Letter to the Editor: False equivalencies and hate speech in political debate

William Pan/Staff

It is almost wholly dishonest for Berkeley College Republicans to call out anti-fascists for not protesting Louis Farrakhan in the same way they plan to protest Yiannopoulos. It assumes that the issues with both persons are the same for the anti-fascists, where that is something one would either ask the anti-fascists about, or cite some public (or even private) statement to that effect to show they think so, or make some reasoned argument that the position on Yiannopoulos implies a position on Farrakhan that also requires such a protest. They do not do any of this, rather the argument moves in the other direction — the anti-fascists are hypocrites, and that is why they do not protest the one as they protest the other. It allows them to posit a false equivalence (because it seems no one actually endorses it) and to immunize themselves against engagement with any actual position.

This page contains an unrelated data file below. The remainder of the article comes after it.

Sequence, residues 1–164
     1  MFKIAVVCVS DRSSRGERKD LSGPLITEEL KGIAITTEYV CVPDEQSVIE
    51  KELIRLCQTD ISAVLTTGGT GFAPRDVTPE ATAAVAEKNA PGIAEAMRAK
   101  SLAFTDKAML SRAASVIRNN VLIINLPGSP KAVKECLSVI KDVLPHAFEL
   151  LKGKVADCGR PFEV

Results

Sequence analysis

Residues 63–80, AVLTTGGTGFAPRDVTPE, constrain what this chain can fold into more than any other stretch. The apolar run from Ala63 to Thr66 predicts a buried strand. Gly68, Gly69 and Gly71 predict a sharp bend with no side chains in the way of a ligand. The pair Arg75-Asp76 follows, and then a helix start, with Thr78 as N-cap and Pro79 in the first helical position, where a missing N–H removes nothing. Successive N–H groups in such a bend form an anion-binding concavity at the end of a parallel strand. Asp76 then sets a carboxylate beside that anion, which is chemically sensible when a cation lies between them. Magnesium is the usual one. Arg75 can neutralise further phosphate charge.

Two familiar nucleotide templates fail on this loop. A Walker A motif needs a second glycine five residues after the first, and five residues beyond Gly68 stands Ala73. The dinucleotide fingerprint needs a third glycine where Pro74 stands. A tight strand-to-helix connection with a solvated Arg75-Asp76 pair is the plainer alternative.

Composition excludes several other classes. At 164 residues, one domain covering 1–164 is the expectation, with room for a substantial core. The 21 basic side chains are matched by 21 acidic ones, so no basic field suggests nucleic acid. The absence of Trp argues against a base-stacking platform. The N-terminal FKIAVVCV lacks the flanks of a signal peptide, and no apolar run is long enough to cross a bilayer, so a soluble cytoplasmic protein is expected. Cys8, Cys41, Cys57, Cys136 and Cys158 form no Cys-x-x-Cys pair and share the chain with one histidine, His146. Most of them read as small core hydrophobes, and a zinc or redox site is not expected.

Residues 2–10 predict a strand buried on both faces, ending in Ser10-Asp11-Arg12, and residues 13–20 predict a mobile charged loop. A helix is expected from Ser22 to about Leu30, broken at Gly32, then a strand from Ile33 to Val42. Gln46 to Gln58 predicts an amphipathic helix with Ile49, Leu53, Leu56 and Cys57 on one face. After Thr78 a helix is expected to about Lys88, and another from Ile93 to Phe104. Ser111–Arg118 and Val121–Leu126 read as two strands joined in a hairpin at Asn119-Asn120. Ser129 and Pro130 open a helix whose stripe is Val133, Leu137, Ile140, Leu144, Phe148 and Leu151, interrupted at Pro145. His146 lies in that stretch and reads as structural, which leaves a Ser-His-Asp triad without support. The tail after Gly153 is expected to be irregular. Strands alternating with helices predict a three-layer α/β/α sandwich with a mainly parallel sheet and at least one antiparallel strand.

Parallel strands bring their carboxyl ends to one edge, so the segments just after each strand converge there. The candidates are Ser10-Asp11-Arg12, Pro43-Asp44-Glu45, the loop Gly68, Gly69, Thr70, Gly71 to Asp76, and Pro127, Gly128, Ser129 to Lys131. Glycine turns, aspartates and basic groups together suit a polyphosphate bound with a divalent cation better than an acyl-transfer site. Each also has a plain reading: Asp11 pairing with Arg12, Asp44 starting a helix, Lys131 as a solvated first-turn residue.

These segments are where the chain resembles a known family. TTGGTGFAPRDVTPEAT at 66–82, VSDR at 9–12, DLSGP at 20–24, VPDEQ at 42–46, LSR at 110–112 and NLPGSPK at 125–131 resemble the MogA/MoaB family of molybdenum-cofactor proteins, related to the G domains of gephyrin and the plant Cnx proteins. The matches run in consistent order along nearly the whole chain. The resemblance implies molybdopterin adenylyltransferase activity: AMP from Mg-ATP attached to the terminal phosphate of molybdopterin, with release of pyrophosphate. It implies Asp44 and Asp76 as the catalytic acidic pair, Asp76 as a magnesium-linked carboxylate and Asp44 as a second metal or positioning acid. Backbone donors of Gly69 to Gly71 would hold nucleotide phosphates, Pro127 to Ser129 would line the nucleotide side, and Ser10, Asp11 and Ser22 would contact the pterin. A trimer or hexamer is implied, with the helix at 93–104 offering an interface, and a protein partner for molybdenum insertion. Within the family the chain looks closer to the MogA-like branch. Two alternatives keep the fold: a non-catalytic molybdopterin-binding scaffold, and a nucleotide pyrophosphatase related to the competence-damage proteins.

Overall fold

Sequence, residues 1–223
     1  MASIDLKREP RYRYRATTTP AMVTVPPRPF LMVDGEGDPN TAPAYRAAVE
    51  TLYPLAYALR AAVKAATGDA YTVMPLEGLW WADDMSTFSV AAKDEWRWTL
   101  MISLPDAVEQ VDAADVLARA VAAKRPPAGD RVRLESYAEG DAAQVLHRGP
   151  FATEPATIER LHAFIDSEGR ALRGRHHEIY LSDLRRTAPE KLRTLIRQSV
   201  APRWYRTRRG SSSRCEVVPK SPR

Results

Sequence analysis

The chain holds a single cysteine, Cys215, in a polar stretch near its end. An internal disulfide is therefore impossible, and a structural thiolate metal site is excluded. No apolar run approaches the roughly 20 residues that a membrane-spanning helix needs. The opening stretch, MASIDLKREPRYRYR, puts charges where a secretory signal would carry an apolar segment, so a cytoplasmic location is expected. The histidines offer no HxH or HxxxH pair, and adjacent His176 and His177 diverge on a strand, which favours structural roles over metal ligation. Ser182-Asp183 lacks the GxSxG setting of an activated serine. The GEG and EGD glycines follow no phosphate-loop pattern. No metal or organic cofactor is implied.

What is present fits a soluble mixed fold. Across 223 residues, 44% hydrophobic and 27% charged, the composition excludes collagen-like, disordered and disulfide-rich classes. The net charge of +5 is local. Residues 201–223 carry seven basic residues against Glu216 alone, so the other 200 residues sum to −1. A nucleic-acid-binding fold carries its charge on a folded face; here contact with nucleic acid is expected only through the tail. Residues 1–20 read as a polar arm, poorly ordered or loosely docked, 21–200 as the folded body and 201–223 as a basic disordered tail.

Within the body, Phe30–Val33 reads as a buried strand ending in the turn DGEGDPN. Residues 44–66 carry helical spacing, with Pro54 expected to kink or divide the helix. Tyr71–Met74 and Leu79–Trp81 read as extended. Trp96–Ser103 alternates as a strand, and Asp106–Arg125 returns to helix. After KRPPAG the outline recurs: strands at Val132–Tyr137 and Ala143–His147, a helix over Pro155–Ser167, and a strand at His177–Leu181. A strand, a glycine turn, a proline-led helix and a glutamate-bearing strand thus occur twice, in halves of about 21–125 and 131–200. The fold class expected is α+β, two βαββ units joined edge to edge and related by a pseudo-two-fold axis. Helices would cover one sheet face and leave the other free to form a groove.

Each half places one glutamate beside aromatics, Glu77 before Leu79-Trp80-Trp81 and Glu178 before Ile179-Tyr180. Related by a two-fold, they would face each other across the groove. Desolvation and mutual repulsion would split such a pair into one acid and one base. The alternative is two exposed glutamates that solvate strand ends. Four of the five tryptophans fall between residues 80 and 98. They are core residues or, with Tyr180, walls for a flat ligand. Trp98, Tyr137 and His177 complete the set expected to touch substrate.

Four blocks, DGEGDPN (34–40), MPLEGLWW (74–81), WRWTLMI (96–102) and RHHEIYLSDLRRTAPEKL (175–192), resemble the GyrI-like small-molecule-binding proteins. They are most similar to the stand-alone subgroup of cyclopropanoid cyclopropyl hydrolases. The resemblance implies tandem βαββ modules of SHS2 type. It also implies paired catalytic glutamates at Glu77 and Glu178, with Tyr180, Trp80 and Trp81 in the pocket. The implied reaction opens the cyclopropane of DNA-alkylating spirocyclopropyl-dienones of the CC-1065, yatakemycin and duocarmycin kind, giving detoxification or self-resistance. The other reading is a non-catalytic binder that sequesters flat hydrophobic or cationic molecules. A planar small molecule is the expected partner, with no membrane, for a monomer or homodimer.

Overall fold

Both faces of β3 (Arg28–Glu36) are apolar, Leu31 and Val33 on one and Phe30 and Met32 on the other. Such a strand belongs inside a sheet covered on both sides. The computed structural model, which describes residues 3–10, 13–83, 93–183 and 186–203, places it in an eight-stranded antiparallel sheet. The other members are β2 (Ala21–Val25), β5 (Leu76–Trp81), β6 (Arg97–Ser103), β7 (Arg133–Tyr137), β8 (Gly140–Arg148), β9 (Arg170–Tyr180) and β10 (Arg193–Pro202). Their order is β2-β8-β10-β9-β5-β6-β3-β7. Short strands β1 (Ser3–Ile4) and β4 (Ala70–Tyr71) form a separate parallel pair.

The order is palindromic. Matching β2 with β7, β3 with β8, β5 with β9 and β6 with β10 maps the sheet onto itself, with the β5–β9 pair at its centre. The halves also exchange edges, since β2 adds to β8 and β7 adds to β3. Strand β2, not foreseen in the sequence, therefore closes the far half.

So, to try to orient myself in order to engage in the respectful dialogue they desire, I would like to know what exactly are the views which Mr. Yiannopoulos raises which the BCR believes are necessary for a complete political debate. Not those with which they agree or disagree as such — that can come later. Rather, what are the positions that are being unfairly excluded from political discussion? Free speech is important — got it. Feminism is cancer? Maybe it is a joke — how much like cancer, then? Mainstream Muslim culture is a rapist culture. Hilarious! But seriously. Transgenders are ridiculous and should be publicly ridiculed? Maybe just in private corners? Or maybe we need to supplement the project with philosophers from the movement as well, such as Richard Spencer, for a more robust treatment?

William Stafford Jr. is a doctoral candidate at UC Berkeley.

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